From my experience, “photography degree of difficulty” varies from snapshots and event photography at the low end to wedding photography at the high end. And somewhere near the high end is wildlife photography. For the last few years, I’ve spent a lot of time trying to improve my wildlife skill level.

Birds are among the most nervous types of animals to photograph. Approach a bird perched on a branch and he’ll quickly fly away.

Consequently, most of my photos of birds are from quite a distance using a long telephoto lens.

On my last outing, I snapped several bird photos which drew complimentary comments from several viewers. While I’d like to think that the photos were the result of my great skills as a nature photographer, in this case it’s not true.

Last week, I was doing a little winter hiking in Bryce Canyon NP and stumbled upon this colorful Stellar’s jay.

This photo was taken with long telephoto lens from about 50 feet away. I hesitated to approach the jay any closer for fear that he’d take off.

Surprisingly, the jay flew closer to me. In fact, he ended up landing on a tree branch that was only 20 feet from where I was standing.

I can only surmise that in the cold wintery weather he was acting differently than he would if I encountered him in warmer weather.

My telephoto lens has two settings: one to accommodate close focusing (2 meters) and one for more distant focusing (8 meters). So as not to disturb the bird, I very slowly changed the lens setting for close focusing and snapped.

Bingo. Here’s the closeup that I ended up with of the Stellar’s jay.

I can definitely say that this photo was more a matter of luck than skill. Anyway, for me this photograph is a definite keeper.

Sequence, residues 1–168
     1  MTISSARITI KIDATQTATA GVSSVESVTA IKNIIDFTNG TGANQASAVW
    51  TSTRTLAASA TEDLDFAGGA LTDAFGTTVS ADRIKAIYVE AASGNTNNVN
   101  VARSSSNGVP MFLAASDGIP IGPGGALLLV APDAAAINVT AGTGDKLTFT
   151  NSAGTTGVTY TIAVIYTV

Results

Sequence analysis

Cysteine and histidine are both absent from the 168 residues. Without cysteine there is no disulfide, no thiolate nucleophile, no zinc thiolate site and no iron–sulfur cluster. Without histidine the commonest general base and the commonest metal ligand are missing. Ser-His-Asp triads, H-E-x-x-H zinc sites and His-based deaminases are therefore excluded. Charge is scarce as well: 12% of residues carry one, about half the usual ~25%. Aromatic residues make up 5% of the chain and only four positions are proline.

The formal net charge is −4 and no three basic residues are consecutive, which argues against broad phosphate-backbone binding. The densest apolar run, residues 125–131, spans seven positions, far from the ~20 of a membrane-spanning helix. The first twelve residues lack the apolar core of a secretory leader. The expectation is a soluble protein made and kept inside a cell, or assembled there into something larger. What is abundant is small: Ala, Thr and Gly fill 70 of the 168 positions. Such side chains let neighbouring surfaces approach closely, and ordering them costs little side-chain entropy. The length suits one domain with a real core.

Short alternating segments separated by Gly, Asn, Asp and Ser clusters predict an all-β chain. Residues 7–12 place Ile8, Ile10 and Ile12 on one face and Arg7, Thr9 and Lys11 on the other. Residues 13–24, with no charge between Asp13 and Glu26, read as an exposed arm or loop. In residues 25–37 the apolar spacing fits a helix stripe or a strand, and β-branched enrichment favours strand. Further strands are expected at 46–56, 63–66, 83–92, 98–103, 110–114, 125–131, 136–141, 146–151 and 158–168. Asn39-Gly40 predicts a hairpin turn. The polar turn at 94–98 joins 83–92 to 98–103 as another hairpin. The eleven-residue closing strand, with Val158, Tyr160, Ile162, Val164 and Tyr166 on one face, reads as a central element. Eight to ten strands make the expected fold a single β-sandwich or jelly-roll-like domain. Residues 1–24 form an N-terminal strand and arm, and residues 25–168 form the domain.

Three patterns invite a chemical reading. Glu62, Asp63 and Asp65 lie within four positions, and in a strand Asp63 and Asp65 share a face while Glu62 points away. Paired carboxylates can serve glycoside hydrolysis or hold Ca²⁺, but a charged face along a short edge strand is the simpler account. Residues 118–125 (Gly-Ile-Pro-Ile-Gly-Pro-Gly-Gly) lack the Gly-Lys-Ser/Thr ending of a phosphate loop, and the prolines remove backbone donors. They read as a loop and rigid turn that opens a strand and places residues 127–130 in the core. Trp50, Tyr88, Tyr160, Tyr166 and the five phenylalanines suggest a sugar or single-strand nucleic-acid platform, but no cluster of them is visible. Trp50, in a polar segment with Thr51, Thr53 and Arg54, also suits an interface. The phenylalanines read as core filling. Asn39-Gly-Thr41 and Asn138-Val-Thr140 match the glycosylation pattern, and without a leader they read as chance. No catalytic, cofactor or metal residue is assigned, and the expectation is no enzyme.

As a counterpoint, here’s a less lucky encounter that I had about an hour before.

As I was hiking along the hard packed, snow covered trail that descended into one of the canyons, I heard a screech overhead. I gazed upwards and saw a large, majestic set of wings in the sky.

I hurriedly changed lenses to my long telephoto and looked up again. But during the minute that I spent changing lenses, the predator had climbed higher and farther away.

I quickly snapped a half dozen photos before the eagle was out of range. Unfortunately, I wasn’t as lucky here. The photo is blurred owing to the distance and my rushed attempt.


So this time out, luck played a role in my capturing the Stellar’s jay. But I wasn’t as lucky with the golden eagle.

Still, I know that unless I’m out there hiking the trails and observing my surroundings that luck won’t have a chance to take hold. Each time I’m out enjoying nature I’m hoping that for that lucky catch.

Take enough photos and luck will come your way too. It’s a promise.

 

Written by Arnie Lee

 


On my latest cross country drive to deliver my Mom’s car to Phoenix, I broke the 2000 mile journey into two parts. Here’s why.

For years I’ve been reading and hearing about Bosque del Apache National Wildlife Refuge. It’s known as one of the best places in the USA to watch birds, especially those who have migrated there from the northern latitudes for the winter. Since the route from Grand Rapids to Phoenix passes close by, I decided to detour slightly.

Part one of the journey was 2-1/2 days traveling from Grand Rapids to Socorro, NM and visiting Bosque. Although I was in the NWR for only 16 hours or so, I totally enjoyed the wildlife and outdoor. You can see some of the photos from short stay at Bosque here.

Part two of the journey was the remaining 380 mile ride between Socorro and Phoenix. As I was planning for the drive a few days before the trip, I noticed a place on the map with a funny name “VLA”. When I googled it, I found it to be an acronym for Very Large Array. It’s a set of huge radio telescopes 50 miles west of Socorro on US Route 60, the preferred highway to Phoenix. It sounded interesting, so I decided that this would be another stop after Bosque del Apache.